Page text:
What would qualify as a good event registration website design?
Most people would argue that the quality of the content is crucial, but what good is it to have outstanding content if it’s visually bland and makes it hard for visitors to find what they’re looking for?
Your website should grab the readers’ attention and make them look forward to your event instantly. Otherwise, they’ll forget it and won’t come back.
Luckily, there are some proven methods and tips to increase the number of registrations for your event and drive conversions.
Read on to find out what they are.
- Make Your Website Mobile Responsive
- Create a Strong Visual Hierarchy
- Have Only One Call to Action
- Use Strong Visuals
- Ensure Easy Site Navigation
- Keep Registrations Simple
Make Your Website Mobile Responsive
“Everyone’s on their phones these days” is an omnipresent saying that you’ve probably uttered a couple of times yourself.
It’s true—people spend an alarming amount of time scrolling through their phones.
However, instead of viewing this as a negative thing, it can be seen as an opportunity to optimize your site for mobile use and increase conversion rates.
This is backed by data, as one study has found that mobile-optimized sites drive 61% more conversions.
Moreover, Google is moving towards mobile-first indexing, meaning that it will use mobile versions of a website for ranking content.
The emphasis on mobile optimization, or any optimization for that matter, is on user experience. It needs to be seamless across all devices.
Having a clunky website that you only see half of on your mobile screen is anything but.
Users will instantly recognize that this isn’t a mobile-friendly site and won’t bother switching to a desktop to access it.
Size is crucial for mobile versions.
Tiny letters and buttons you can’t click on are frustrating, which is why you need a responsive website.
With it, the content adapts to the user instead of the other way around. It will make the buttons bigger, and the text will be arranged so that users don’t have to scroll endlessly.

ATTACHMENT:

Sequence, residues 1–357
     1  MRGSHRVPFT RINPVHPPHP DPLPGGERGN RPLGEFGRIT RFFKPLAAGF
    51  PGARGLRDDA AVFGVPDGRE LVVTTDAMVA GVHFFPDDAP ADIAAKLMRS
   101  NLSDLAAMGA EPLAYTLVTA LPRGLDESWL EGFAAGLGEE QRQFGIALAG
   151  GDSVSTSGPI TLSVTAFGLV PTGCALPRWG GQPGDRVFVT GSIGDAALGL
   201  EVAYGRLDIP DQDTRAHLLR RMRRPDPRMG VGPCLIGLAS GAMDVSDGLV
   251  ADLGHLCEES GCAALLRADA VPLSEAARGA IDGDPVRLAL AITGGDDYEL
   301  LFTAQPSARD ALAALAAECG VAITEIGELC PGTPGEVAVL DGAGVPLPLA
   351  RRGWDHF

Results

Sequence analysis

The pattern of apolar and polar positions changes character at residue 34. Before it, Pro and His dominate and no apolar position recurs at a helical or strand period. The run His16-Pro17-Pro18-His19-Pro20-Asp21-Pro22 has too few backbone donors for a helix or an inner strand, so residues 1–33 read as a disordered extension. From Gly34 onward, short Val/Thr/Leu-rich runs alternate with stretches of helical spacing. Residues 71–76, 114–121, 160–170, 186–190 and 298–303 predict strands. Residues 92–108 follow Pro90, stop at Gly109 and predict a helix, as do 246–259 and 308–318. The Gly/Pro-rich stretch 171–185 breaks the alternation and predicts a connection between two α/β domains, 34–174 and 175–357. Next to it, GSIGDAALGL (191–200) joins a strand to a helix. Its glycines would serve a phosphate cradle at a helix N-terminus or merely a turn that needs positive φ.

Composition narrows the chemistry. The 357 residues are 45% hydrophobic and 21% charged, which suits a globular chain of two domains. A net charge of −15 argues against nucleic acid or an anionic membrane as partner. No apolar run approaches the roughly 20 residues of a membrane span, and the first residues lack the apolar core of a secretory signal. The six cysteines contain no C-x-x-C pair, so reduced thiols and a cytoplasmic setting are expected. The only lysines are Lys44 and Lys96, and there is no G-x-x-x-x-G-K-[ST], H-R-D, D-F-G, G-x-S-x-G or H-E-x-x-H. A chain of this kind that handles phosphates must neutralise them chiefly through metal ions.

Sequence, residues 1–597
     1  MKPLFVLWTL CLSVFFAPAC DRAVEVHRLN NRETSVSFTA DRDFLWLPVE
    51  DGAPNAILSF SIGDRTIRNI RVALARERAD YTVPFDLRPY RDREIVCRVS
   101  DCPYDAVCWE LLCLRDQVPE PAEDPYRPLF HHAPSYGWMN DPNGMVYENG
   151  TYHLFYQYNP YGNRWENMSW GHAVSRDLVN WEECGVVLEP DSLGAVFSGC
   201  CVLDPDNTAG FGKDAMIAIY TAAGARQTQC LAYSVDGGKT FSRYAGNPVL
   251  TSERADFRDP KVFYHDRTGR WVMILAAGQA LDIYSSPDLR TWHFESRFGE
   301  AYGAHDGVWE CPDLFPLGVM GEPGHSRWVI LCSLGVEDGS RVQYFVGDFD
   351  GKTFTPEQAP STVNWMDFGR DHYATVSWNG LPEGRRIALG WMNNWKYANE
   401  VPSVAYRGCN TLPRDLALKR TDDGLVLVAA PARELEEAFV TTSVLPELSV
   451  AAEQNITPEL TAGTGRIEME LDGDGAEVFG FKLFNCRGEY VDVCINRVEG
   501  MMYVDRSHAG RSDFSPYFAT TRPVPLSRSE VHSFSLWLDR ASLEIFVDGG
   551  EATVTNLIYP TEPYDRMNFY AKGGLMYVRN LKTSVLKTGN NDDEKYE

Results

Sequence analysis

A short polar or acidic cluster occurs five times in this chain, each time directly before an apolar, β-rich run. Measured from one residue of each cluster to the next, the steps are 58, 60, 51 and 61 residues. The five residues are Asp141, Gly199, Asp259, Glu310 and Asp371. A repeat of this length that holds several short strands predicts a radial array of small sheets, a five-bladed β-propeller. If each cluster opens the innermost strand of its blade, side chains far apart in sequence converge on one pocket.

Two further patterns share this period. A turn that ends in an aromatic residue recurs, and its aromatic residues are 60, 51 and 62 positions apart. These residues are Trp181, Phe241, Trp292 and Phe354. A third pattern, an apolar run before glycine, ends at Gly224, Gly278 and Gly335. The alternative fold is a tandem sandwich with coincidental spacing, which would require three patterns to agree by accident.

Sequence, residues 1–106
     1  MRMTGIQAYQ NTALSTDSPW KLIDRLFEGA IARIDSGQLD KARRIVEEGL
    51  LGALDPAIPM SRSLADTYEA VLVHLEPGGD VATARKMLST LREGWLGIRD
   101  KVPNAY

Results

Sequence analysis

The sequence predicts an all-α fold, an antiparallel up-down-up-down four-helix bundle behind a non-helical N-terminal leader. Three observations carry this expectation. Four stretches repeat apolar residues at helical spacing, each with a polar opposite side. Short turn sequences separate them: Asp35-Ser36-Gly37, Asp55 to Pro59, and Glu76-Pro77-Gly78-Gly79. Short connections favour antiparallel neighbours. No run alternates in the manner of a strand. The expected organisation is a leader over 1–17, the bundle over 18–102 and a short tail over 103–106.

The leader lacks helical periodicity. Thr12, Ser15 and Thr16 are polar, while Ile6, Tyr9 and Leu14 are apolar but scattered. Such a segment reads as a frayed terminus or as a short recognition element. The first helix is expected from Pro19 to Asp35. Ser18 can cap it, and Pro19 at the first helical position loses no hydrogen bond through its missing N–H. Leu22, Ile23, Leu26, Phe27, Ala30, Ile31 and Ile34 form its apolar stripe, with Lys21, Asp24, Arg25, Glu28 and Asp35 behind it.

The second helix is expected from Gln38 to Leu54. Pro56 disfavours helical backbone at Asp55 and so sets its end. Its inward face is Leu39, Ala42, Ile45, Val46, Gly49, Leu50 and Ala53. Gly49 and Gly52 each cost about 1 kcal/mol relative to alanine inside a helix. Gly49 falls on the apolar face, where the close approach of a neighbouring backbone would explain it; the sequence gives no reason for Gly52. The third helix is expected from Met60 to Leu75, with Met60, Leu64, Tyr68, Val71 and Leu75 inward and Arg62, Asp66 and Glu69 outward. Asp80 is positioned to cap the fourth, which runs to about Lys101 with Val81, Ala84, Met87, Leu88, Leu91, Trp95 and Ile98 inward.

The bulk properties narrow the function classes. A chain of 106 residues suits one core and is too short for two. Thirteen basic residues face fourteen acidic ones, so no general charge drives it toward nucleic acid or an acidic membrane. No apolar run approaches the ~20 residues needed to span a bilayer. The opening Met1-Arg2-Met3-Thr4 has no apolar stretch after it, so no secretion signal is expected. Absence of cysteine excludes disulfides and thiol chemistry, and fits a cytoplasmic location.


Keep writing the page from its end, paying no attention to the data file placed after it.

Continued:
Speed is another essential feature a mobile-optimized website needs. We live in an age of instant gratification, and users are used to getting what they’re looking for in seconds.
So, if a site takes forever to load, a user might think it’s not working at all and simply close it.
This is why you need a good hosting provider that will allow your page to load quickly, making users more likely to stay and buy a ticket for your event.
Create a Strong Visual Hierarchy
People are highly visual creatures, so visual elements in a website must be organized neatly to create a visual hierarchy and lead the eye where you want it.
Luckily, there’s a scientifically proven way to do this: the Z and F reading patterns, typically followed by Western readers.
The patterns are easy to skim through and show the essential data in a user-friendly layout.
Let’s look at the Z pattern used by Facebook.
It leads the eye from the top left corner in a horizontal line, where your logo should be, directs it to the right, and then moves diagonally down left again.
This is where you should place a powerful image representing your event to attract potential customers.
Finally, the bottom right corner is the place for your Register now button. It will increase the possibility of conversion, as this is the part of the page the readers’ eyes will naturally go to.
The F pattern, used by LinkedIn, follows a similar logic, organizing important information in the form of the letter F.
Another way to create a solid visual hierarchy is to use negative space.
Yes, the space that’s empty actually has a purpose in web design.
If a site is teeming with various elements, the user won’t know where to look and might miss the crucial things.
Simply put, if everything is important—nothing is important. So, by cleverly using negative space, you can emphasize the things you want and make them stand out.